Galaxy F: Samsung’s foldable smartphone can rely on secondary display on its body

-Samsung-112 views

DJ Koh, CEO of Samsung said this week in an interview that the company’s foldable smartphone will be showcased to developers in November so they can work on apps and tailor them to the device that should be announced in early 2019. And missing around two months before Samsung’s meeting with developers, a lot of information should continue leaking and indicating the path the South Korean giant intends to follow.

So far the current leaks indicate that Samsung can invest in a folding smartphone in the traditional bar format, but with a higher standard screen that would result in a display of approximately 7 inches diagonally. This display would be folded in only and the joints would not be designed for the device to bend 360 degrees, but 180 degrees as we can see in this prototype revealed this week .

In addition to the internal (larger and flexible) screen, Galaxy F can rely on smaller external display.

To prevent the device from opening and closing constantly, Samsung could invest in a secondary screen on the back of the device . That way, when the smartphone is closed , the user would still be able to access some features with the 4.6-inch display. This information has been leaked previously and is now strengthened again, which may be a strong indication that Samsung is finalizing the design of the device.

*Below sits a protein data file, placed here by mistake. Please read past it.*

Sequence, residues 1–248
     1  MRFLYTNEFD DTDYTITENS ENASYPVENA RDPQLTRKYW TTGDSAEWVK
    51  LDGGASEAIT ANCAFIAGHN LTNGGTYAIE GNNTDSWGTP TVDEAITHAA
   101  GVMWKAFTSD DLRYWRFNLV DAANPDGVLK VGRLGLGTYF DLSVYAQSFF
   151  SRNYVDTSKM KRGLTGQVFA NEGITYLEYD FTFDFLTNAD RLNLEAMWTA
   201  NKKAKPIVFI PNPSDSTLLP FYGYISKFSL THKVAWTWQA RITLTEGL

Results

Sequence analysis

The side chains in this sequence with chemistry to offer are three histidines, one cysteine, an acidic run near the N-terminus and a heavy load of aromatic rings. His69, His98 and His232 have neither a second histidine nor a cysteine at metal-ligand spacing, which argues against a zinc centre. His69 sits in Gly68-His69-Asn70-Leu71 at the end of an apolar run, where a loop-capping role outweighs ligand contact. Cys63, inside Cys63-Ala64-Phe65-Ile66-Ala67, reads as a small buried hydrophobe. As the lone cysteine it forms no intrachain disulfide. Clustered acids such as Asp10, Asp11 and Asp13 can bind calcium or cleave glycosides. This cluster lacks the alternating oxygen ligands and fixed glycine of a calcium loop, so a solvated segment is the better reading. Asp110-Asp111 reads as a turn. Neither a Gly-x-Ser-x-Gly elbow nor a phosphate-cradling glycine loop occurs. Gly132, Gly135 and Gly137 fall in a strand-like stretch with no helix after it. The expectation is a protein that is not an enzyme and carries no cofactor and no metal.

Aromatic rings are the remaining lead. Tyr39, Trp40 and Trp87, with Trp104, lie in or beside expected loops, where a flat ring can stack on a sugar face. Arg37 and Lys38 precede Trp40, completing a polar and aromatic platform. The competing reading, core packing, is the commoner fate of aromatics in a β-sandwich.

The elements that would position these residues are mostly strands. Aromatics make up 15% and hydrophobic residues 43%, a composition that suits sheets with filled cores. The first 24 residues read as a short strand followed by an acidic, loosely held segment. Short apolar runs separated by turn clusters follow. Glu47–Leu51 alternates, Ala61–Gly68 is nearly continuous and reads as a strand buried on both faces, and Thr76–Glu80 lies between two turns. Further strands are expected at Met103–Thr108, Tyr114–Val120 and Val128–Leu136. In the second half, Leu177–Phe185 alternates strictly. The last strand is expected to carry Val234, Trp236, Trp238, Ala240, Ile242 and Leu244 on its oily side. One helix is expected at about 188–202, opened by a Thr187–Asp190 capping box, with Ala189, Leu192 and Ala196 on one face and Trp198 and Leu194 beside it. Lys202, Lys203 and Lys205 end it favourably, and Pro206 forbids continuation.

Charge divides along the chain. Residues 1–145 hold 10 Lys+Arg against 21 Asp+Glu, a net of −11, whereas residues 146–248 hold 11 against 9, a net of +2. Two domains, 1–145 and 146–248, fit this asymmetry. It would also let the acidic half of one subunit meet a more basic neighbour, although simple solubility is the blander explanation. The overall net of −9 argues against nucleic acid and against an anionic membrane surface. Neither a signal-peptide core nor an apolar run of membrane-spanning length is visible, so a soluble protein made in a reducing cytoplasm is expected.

This is pointed out by the Korean website ETNews, which also states that when folded, the smartphone would have a gap of only 3 mm thickness in the joint region, which reinforces the possibility of the device design being very similar to what we saw in this concept , but with a different back cover.

Concept of the Galaxy F compared to the future side of the iPhone Xs of 6.5 “and Pixel 3 XL.

The site also points out that Samsung would be planning to schedule Galaxy F’s initial production (or what the future name of the foldable smartphone) range between 100,000 and 120,000 units a month. These are low numbers when compared to the millions of monthly units produced for the Galaxy S and Note line, but it is worth remembering that the cost of production linked to the cost of sales of the foldable smartphone is a decisive factor for the limited manufacturing.

Meanwhile, Samsung may begin production of 150 to 180,000 units of collapsible screens in October, indicating that the company must also provide them to partner companies.

In any case, we are closer to the new era of mobile devices that will rescue the essence of flip phones from the beginning of this century. What do you expect from the folding smartphones? Do you think it’s a decent development? Technology bet? Is it just another way for companies to charge more for smartphones? Leave a Reply



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